Tuesday, February 16, 2010

Privacy: the state of being free from intrusion or disturbance in one's private life or affairs: the right to privacy.



When I was a teenager there wasn't anything I valued more and protected more than my privacy. And I was blessed to have a mother and father who respected not only mine but the privacy of my three brothers as well.

When do we parents overstep those bounds? When does 'concern' become 'invasion'? I had friends...my daughter had friends...whose mothers felt it was their right to snoop thru drawers and closets, between the mattress and box springs, under beds, in pockets and purses. My mother never did that to me and I never did that to my daughter -- or my son. Some aspects of our lives really do belong to us as individuals, even when we're 10 or 15 or 18. How do we teach them to trust when we don't respect their privacy?

I was not and still am not a perfect parent. My two children are both in their early 30's now. I've made mistakes and I've admitted to them and apologized for them. But I don't think either one of them will tell you that I've ever pried in to their personal business. As teenagers, when their bedrooms became impossibly messy, I always asked and was given permission to go in and straighten things up. I never looked at anything. Seriously. My mission was to clean and that's what I did. I practiced the same respect for privacy when I cleaned people's houses, too. You shuffle papers together in a neat stack, keep your eyes averted, and set them down when you're done. Whatever is private is private. When my son got married I had a talk with my daughter-in-law and told her I would never pry, that he was hers now and I was 'handing him over'. And I meant it. And I have. He is my son but he is her husband.

I reap what I've sown, too. Do they come and talk to me, seek my advice at times? Yes. Do they sometimes confide? Yes.

I guess what I'm trying to say to some of you younger mothers who are in the middle of mothering preteens and teens is: How you treat them now is going to be the foundation your adult relationship with them is based upon. They do grow up. And if you're really blessed and lucky, they evolve into some very special friends in your life, not just your kids. You have to trust them; they need to know they can trust you.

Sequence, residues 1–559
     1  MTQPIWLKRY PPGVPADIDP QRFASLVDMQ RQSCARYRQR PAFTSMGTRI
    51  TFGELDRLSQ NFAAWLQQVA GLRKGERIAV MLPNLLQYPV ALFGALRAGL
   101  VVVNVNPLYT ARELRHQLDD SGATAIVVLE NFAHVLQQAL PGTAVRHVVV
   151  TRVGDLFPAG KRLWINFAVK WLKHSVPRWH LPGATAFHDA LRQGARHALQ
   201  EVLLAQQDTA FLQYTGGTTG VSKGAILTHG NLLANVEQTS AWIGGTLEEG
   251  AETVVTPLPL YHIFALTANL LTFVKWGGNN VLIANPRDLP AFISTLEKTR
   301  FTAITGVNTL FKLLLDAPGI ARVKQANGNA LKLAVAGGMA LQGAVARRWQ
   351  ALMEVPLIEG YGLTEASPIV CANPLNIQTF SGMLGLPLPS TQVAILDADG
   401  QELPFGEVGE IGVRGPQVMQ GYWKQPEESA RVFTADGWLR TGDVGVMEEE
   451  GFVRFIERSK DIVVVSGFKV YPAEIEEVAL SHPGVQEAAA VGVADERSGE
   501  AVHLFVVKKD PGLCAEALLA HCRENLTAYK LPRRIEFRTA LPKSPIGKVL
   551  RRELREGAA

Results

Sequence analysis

13 comments:

Meadowlark said...

Good food for thought. :)

Mine are 22 & 24 now. When they were younger I always told them they had privacy unless they began to make dangerous choices and then all bets were off. They still think that was a fair deal.

And as far as the cleanliness of their rooms? As long as there was a "fire trail" (a path to the door) it wasn't my problem. No food in their rooms, but messy? Not my issue... that worked well.

:)

Pam said...

I'm so happy to read this today. My girls are both teens, and like you, I respect their privacy. I've never been tempted to snoop their things. I hope that this will pay off in the future, they way it has with you and your children.

LC said...

Words of wisdom. Great post!

Eva Gallant said...

I respected my sons' privacy, also. They are now grown with children of their own and I hope are doing the same.

bettyl said...

I am all for privacy, but like you said, if they have suspicious behavior, they should probably not be trusted to make good decisions.

That's why they have parents--to help them make good decisions.

Louise said...

Nice post. I don't think my mother ever snooped, and I'll try not to when my kids get old enough to have secrets. But I can see that if I was terribly worried that they were getting into something they couldn't handle, I'd be tempted...Greetings from Italy via BPOTW.

hummer said...

Wonderful thoughts from a wonderful mother.

Blissed-Out Grandma said...

Yes, I agree. My mother read my diary. Mind you, I had absolutely nothing to hide, but it was an intrusion anyway, and I was very hurt. We never snooped on my stepdaughter, and she lived up to the trust.

SOULBLOGGER said...

i am 20 and along with my brother 18 we are to brothers who live in an orthodox family
just a few days ago my dad read my brothers inbox and bashed him for some of the messages send by one of his friends
parents really need to understand this privacy thing but believe me very few do .

Ronnica said...

We had an open-door policy in our house, and it wasn't a problem for me. Really the only thing that I wanted to keep private was my journal. I will never read my daughter's journal unless I think it's absolutely necessary, and then I'll read it with her.

Brenda said...

I think those of us who don't snoop probably don't manipulate either. Snoopers are often manipulators or worriers who think they can fix someones problem. You just have to let people be.

Visiting from BPOTW

Anita said...

Well said. My mother never snooped, but I'm sure there were times she wanted too...lol. My two girls are as different as night and day, one shares, one is more private. I try to respect their personalities, and I'm open to them being themselves and a bit imperfect at times, as we all are.

2busy said...

This is really great advice. I am the parent of an 18, 17 and 12 year old. I am trying to incorporate this parenting style....